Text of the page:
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2019 Pascha Message From His Grace Bishop THOMAS

PDF of His Grace's Message


Beloved brother Hierarchs, Reverend Clergy, God-fearing Monastics, and all my Brothers and Sisters in Jesus Christ our True God:

Christ is risen! Indeed, He is risen! Glory to Jesus Christ, glory forever!

In the resplendent feast of Pascha there is a seeming contradiction. However, it is a contradiction only to the worldly-wise. Throughout the Great Fast, we are exhorted to make the effort to struggle ascetically, to put forth the effort to fast, to pray, and to give alms. The kontakion of the Great Canon of Saint Andrew of Crete exemplifies this exhortation, "My soul, my soul arise! Why art thou sleeping? The end is drawing near and you will be confounded. Awake then and be watchful, that you may be spared by Christ God, Who is everywhere and fills all things."

In the fifth Sunday of Great Lent, we are given the example and writing of Saint John Climacus and told to "Ascend, my brothers, ascend eagerly. Let your hearts' resolve to climb. Listen to the voice of the one who says: 'Come, let us go up to the mountain of the Lord, to the house of our God' (Isa. 2:3), Who makes our feet to be like the feet of the deer, 'Who sets us on the high places, that we may be triumphant on His road' (Hab. 3:19)."

This exhortation is intensified the next week when we commemorate Saint Mary of Egypt who struggled ascetically for 47 years in the desert after living a life of debauchery. 

Yet, when we arrive at this holiest of feasts Saint John Chrysostom exhorts, or so it seems, to the contrary: 

Let all pious men and all lovers of God rejoice in the splendor of this feast; let the wise servants blissfully enter into the joy of their Lord; let those who have borne the burden of Lent now receive their pay, and those who have toiled since the first hour, let them now receive their due reward; let any who came after the third hour be grateful to join in the feast, and those who may have come after the sixth, let them not be afraid of being too late, for the Lord is gracious and He receives the last even as the first. He gives rest to him who comes on the eleventh hour as well as to him who has toiled since the first: yes, He has pity on the last and He serves the first; He rewards the one and is generous to the other; he repays the deed and praises the effort. 

Come you all: enter into the joy of your Lord. You the first and you the last, receive alike your reward; you rich and you poor, dance together; you sober and you weaklings, celebrate the day; you who have kept the fast and you who have not, rejoice today. The table is richly loaded: enjoy its royal banquet. The calf is a fatted one: let no one go away hungry. All of you enjoy the banquet of faith; all of you receive the riches of his goodness.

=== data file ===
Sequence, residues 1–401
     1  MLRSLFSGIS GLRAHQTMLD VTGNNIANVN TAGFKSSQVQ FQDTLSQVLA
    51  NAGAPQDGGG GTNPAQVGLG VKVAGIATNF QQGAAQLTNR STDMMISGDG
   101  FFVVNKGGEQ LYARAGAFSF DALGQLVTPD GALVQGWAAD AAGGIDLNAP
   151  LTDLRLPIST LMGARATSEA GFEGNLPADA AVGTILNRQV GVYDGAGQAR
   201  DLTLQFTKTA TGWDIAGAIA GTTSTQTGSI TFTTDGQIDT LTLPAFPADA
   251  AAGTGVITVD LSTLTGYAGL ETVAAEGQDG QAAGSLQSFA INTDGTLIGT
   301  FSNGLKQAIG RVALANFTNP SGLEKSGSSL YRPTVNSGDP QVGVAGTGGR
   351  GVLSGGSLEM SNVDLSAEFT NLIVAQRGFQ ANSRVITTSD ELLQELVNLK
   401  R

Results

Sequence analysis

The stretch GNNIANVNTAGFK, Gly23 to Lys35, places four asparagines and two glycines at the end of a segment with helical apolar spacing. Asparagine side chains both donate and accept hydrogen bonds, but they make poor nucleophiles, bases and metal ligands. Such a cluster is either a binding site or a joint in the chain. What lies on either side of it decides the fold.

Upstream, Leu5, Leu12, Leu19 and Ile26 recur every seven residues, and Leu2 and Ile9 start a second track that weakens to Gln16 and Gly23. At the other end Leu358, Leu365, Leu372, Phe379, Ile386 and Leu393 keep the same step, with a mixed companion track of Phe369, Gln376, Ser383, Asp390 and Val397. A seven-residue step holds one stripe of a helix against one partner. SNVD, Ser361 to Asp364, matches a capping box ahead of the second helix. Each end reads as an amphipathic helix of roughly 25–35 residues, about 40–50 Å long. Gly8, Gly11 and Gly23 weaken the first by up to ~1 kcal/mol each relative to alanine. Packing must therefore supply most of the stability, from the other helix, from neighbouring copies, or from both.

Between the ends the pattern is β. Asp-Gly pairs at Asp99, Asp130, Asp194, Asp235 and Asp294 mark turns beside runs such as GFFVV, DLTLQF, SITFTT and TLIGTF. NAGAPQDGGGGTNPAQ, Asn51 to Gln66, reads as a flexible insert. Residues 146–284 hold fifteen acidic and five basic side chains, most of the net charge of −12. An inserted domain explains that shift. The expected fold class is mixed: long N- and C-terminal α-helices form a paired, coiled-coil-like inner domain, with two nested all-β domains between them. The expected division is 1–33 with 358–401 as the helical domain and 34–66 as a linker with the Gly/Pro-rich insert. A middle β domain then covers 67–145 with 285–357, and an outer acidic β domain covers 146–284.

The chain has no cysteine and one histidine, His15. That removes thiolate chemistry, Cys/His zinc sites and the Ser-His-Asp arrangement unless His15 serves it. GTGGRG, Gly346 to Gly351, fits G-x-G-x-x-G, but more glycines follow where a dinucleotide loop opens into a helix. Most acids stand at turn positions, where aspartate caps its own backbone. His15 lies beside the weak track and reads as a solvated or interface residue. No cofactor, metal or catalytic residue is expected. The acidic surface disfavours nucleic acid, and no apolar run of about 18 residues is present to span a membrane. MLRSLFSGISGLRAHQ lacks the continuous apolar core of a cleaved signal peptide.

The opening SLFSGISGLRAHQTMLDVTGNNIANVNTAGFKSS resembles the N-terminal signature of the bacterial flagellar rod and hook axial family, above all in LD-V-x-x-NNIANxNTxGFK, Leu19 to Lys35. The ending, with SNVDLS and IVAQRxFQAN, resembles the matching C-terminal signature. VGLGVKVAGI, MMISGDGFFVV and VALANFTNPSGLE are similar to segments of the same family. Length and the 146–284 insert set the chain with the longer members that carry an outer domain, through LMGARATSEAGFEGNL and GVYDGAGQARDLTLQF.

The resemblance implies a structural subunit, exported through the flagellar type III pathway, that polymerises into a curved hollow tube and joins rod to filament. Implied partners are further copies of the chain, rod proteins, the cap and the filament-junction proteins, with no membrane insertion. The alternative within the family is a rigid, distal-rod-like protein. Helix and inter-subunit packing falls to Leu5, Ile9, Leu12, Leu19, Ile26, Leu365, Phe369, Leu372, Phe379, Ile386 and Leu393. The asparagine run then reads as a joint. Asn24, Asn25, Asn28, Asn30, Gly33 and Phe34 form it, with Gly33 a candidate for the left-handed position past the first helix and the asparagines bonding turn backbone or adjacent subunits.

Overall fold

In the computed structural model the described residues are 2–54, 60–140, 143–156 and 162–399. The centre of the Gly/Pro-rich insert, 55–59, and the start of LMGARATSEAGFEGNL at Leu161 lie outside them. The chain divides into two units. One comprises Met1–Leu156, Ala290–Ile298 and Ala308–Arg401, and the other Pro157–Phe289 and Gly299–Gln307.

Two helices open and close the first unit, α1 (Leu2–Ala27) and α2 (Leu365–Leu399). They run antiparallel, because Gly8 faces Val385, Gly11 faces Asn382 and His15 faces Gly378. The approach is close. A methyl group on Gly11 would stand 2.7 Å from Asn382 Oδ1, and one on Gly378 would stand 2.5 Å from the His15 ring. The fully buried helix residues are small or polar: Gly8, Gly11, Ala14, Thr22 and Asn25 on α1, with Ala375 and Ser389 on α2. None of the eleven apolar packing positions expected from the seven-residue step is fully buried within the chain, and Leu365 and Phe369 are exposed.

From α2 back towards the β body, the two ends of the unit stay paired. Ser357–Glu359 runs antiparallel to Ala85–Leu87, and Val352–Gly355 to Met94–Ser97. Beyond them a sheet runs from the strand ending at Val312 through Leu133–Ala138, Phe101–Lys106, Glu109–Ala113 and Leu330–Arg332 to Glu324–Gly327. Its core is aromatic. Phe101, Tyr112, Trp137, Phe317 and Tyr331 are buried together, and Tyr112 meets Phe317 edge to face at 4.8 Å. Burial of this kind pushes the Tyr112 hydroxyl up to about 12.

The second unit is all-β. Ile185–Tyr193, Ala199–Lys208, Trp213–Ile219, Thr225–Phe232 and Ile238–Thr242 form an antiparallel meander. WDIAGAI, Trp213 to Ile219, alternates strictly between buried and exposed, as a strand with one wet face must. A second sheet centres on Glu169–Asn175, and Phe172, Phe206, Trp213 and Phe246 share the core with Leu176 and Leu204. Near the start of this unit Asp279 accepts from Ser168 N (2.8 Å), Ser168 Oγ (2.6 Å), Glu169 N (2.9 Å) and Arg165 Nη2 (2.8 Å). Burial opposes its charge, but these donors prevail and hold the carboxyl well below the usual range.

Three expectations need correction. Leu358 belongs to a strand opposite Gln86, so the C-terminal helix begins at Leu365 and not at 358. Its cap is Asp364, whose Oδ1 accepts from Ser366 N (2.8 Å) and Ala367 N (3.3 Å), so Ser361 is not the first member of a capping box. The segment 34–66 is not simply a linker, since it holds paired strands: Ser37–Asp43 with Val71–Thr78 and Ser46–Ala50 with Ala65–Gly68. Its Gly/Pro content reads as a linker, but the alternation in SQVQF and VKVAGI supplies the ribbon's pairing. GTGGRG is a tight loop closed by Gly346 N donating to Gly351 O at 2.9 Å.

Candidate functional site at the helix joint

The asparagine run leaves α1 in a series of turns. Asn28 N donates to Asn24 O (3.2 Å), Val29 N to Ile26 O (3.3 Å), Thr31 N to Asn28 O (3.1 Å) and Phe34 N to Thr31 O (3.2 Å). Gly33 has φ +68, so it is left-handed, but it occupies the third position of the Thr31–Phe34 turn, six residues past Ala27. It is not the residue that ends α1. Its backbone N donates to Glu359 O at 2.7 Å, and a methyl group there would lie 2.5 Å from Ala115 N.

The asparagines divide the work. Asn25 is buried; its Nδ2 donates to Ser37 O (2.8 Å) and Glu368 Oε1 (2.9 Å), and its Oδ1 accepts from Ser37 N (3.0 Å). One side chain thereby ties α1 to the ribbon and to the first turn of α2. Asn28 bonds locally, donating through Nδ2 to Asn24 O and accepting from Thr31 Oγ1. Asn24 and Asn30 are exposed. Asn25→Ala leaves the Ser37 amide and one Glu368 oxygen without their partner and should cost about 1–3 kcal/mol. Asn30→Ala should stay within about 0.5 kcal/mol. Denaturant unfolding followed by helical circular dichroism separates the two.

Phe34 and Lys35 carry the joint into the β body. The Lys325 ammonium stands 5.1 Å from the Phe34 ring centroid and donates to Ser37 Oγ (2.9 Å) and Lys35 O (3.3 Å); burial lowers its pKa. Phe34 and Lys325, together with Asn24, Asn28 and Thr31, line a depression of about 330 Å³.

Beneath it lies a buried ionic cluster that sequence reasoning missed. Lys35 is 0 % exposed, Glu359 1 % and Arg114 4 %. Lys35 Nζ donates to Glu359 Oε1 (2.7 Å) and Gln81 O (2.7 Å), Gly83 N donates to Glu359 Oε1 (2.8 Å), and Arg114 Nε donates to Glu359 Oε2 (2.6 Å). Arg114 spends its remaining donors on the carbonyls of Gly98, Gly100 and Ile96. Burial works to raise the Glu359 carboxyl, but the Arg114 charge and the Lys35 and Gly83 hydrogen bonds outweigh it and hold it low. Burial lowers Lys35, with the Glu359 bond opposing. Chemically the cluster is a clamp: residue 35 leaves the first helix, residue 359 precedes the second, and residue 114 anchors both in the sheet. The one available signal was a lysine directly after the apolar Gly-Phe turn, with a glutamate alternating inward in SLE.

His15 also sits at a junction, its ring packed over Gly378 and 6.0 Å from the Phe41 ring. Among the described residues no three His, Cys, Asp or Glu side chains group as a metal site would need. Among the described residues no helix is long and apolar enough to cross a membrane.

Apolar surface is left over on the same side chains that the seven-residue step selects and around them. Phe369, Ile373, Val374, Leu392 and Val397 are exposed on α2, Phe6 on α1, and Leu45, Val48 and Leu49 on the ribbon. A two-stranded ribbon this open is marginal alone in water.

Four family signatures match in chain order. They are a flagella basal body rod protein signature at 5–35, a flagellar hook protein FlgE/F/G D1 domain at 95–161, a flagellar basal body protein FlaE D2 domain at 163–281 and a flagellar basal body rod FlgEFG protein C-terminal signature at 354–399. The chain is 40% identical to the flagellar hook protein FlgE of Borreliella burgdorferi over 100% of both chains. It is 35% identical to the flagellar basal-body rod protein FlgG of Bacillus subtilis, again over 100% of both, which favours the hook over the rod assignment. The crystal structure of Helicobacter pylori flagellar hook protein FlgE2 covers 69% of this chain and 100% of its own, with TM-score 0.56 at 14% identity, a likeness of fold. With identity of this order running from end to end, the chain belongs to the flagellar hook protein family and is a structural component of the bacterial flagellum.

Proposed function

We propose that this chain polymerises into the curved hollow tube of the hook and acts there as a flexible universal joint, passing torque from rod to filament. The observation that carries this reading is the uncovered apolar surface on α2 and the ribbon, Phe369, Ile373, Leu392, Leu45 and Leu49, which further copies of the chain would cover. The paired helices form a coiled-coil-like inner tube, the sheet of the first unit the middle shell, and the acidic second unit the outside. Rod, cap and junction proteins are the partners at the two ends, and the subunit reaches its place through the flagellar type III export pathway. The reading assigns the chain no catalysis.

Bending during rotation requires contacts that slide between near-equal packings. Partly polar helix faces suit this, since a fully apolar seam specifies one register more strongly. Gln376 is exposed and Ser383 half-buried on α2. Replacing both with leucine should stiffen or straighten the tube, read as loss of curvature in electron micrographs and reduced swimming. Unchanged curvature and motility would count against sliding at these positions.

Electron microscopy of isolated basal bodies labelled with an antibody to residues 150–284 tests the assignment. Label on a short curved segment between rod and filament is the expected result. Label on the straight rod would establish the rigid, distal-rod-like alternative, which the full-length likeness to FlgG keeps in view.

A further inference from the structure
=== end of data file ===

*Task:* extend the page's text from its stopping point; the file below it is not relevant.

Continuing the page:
Let no one grieve over his poverty, for the universal kingdom has been revealed; let no one weep over his sins, for pardon has shone from the grave; let no one fear death, for the death of our Savior has set us free: He has destroyed it by enduring it, He has despoiled Hades by going down into its kingdom, He has angered it by allowing it to taste of his flesh.

Yet, for those who have eyes to see and ears to hear (Matthew 13:9-16) this is no contradiction at all but truth. It is in truth, the divine economy.

In his Paschal Orations, Saint Gregory the Theologian reminds us that our spiritual efforts continue and intensify in the glow of Paschal joy.

Yesterday I was crucified with Him; today I am glorified with Him.
Yesterday I died with Him; today I am made alive with Him.
Yesterday I was buried with Him; today I am raised up with Him.
Let us offer to Him Who suffered and rose again for us ... ourselves,
the possession most precious to God and most proper.
Let us become like Christ, since Christ became like us.
Let us become Divine for His sake, since for us He became Man.
He assumed the worse that He might give us the better. He became poor that by His poverty we might
become rich. He accepted the form of a servant that we might win back our freedom.
He came down that we might be lifted up. He was tempted that through Him we might conquer. He was
dishonored that He might glorify us. He died that He might save us. He ascended that He might draw to
Himself us, who were thrown down through the fall of sin.
Let us give all, offer all, to Him who gave Himself a Ransom and Reconciliation for us.
We needed an incarnate God, a God put to death, that we might live. We were put to death together with
Him that we might be cleansed. We rose again with Him because we were put to death with Him. We were
glorified with Him because we rose again with Him.
A few drops of Blood recreate the whole of creation!

The purpose of our ascetical struggle during Great Lent is not a moral one but an ontological one. Saint Paul provides us with the integral insight into this great mystery.

"I am crucified with Christ. It is no longer I who live, but Christ who lives in me. And the life I now live in the flesh I live by faith in the Son of God, who loved me and gave himself for me." (Gal. 2:20)

The entirety of the Great Fast and Holy Pascha is not about moral improvement but rather our efforts to cleave to Christ Himself. If we cling to Christ and discard our own self, we live eternally. The spiritual life is about this and only this. We remain unworthy. We confess this unworthiness to Christ Who alone can save us. We must cling to Christ! No other person, no other method can save us. We are not saved through fasting or ascetical struggle. These are means to an end - cleaving to the Savior Who loves us and wants to
save us is the only remedy to heal what ails us. 

Glory to Thy holy Resurrection, O Lord!

Unworthily, I ask for your holy prayers during this paschal season.

Yours in Christ,

Rt. Rev. Bishop THOMAS (Joseph)
Auxiliary Bishop, Diocese of Oakland, Charleston, and the Mid-Atlantic